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US colleges reinstate standardized testing

Source: MBC News
Source: MBC News

Earlier this year, colleges across the United States announced that they will be reinstating standardized testing starting from the 2025-’26 school year. As of April, top universities such as Brown, Dartmouth and Yale already announced their requirement of SAT and ACT scores during admissions.


Since the outbreak of COVID-19 and the subsequent closing of test centers due to quarantine regulations, many colleges implemented a test-optional policy that made it possible for students to choose whether to submit standardized test scores. This relieved students from the burden of scoring well on the SAT or ACT, offering those choosing to not take standardized tests an opportunity to focus on grades and extracurricular activities. 


This decision to reinstate standardized testing was based on the notion that it benefits low-income students who often have more limited access to educational resources compared to their wealthier counterparts. Its objectivity allows colleges to easily visualize a student’s abilities with numerical data. 


The sudden announcement of the reinstatement comes at a time where many students projected to graduate in the next few years had not planned on taking the SAT. This has left many high school students confused as to how they should progress to adapt to this new policy and scrambling to prepare to take the SAT in fear that its omission would be detrimental to their college applications. 


This news has also led to the crowding of testing centers. In one extreme case, a mother had to drive 80 miles to find an available testing center in order for her child to take the SAT, as he was a junior in high school.


“[The reinstatement is] not necessarily a bad thing,” Hailey Cho (9), a student who plans on taking the SAT, said. “But it does take away time for students to do other activities.”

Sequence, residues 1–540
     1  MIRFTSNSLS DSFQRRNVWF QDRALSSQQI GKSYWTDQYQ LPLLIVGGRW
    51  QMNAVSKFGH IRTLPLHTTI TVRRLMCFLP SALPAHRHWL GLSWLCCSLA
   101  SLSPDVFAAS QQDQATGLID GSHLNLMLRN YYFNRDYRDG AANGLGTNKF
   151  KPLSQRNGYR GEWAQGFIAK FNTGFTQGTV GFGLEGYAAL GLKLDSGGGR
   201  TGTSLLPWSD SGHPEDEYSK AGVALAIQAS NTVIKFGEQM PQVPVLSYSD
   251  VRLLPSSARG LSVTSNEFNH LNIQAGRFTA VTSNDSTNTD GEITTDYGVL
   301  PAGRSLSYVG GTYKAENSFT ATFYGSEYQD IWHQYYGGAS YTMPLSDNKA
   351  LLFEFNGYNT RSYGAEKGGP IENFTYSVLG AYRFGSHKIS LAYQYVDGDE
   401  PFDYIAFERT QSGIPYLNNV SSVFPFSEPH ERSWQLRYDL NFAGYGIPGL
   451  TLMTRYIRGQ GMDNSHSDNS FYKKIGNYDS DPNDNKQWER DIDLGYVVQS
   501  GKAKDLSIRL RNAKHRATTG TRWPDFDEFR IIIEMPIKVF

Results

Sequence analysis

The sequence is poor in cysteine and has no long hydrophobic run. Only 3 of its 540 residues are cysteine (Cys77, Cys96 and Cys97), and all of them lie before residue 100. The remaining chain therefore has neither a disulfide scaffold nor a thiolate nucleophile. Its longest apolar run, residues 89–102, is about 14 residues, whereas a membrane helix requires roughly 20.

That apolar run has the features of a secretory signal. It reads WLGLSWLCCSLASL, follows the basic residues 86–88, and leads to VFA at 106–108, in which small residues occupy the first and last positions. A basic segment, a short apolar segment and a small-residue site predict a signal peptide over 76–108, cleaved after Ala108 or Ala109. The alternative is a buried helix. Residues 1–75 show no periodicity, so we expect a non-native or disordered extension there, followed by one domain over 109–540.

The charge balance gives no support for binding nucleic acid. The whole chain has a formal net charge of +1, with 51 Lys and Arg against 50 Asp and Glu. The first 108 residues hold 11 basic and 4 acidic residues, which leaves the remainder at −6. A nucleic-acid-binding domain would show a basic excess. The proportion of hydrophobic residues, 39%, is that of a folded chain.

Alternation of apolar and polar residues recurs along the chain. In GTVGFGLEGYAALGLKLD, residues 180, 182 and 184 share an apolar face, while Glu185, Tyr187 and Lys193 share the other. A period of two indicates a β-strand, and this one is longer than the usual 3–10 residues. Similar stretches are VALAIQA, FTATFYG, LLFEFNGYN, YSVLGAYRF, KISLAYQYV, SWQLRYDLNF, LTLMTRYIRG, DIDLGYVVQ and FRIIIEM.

The return of the SAT requirement also raises concerns among students who see the need to devote the time they would otherwise spend focusing on extracurriculars to attain high scores.


“Now I have to work harder to get a good score,” Claire Park (9), a student preparing for the SAT, said. “Because now, it will be harder to differentiate students if everyone has to take it.”


There has been a consistent trend of the average test score increasing as the number of test-takers increase. In one study, it revealed that around 40 percent of students at UC Berkeley scored a 31-36 on the ACT in 2014, which increased to nearly 60 percent in 2018 as a result of more students taking the ACT. As differentiating students become more difficult due to more students striving to achieve high scores, many question whether standardized testing is the best way to assess their abilities. 


“I think our society is still missing the point,” Sarah Corder, English teacher, said. “With COVID-19 we could’ve done a lot of things differently and learned from the way that we are hyper-focused on scores and get a better snapshot of students. It’s kind of a missed opportunity to find other ways to place value on things other than just numbers and look at the entire student.”

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